Echoing observations by Edmund Burke decades before, in the middle of the 19th century Karl Marx wrote that in capitalism “everything that is solid melts into the air.” He was referring to capitalism’s tendency to upend traditional forms of life and their affiliated mores. Strangely, it has largely been the deepest conservative critics who acknowledged this tendency and sought to explain it. Writers such as Max Weber, Joseph Schumpeter, and George Grant recognized that capitalism-for all its variations-has an uncanny ability to transform societies by liquidating barriers, including moral barriers, to the pursuit of profit. In some circumstances this could mean liberalizing the public sphere. In other circumstances, it meant colonizing the globe to establish new markets and tear down competition.
We can see the impacts of this everyday. We live in a society where capitalist firms continuously create new values through the production of new products and technologies which are affiliated with diverse ways of life. In effect, capitalism produces social difference by encouraging people to express their individuality through consumption. Bohemian hipsters assume their identity through purchasing the right clothes, drinking the right beer, and pushing for the legalized sale of narcotics. Emancipated women are expected to earn a big salary, wear the right clothes, and buy cars that would make a yuppie blush. And of course, we have a President who has transformed the very idea of truth into a kind of marketable value, determined by popularity and campaign donations. And this is simply the case in the Western world. It boggles the imagination to conceive of the social transformations wrought by capital in economic giants such as China and India, where growing disparities in wealth and development have led to immensely different ways of living in various parts of the country.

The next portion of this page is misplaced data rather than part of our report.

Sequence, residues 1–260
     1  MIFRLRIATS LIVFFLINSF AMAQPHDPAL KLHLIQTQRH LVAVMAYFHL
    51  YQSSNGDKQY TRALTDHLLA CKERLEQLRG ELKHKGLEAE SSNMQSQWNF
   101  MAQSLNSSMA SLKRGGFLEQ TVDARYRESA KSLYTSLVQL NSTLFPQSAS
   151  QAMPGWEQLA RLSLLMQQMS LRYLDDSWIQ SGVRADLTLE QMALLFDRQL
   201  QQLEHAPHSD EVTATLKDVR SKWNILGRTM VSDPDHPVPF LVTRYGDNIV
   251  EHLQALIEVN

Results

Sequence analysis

Trumpism and Capitalism
We can now bring this analysis full circle to update Arendt’s analysis of loneliness and the appeal of fascism. Modern capitalism continuously revolutionizes both the forms of wealth creation and the affiliated technologies present in a society, and the values that society professes. Far from being an ally of traditional, “Christian,” society, it has demolished even the possibility of tradition. And it will continue to do so at an accelerating rate.
Recognizing this and dealing with it extensively would require a deep rooted commitment to critique and analysis of contemporary trends in political economy and our growing dependence on technology. But this is rarely undertaken, in no small part because the powers that be benefit from these very tendencies and have no interest in seeing them abetted. The consequence is that the many individuals who are increasingly outdated by these trends, and left alone in a society they no longer recognize, turn to the modern technologies which helped render them obsolete.
There, they do not turn to the global polis and the wealth of information provided by modern technologies. Instead these individuals look inward, towards groups and individuals who feel the same sense of alienation and loneliness. Rather than look to the complexity of these social trends, and recognizing the breadth of the problem, these individuals find powerful figures like Trump and Steve Bannon who are willing to profit from, and direct, the powers caged in their resentment. The finger is pointed not at the roots of social trends, but at its symptoms and critics. Migrants, leftists, intellectuals and employees in the knowledge sector, cosmopolitans and so on. These provide an easy and vulnerable outlet for lashing out. So a few hundred Muslims wearing a burka, or a Professor teaching a class on post-colonial theory for 2 hours a week, become the subject of paranoiac projects. They are tormentors who emerge to tear down society.
All the while, what is ignored is that figures like Trump and Bannon, who deploy the might of capital and technology to advance their own power and egos, are the most individualized catalysts for the real forces undermining tradition and society. The vulgar authoritarianism of Trumpism is the result of these radical trends in our society. It gives expression to the resentment of the lonely and alienated whom these trends have left behind, and deliberately channels their energy against the weak and vulnerable to prevent recognition of the real roots of the problem.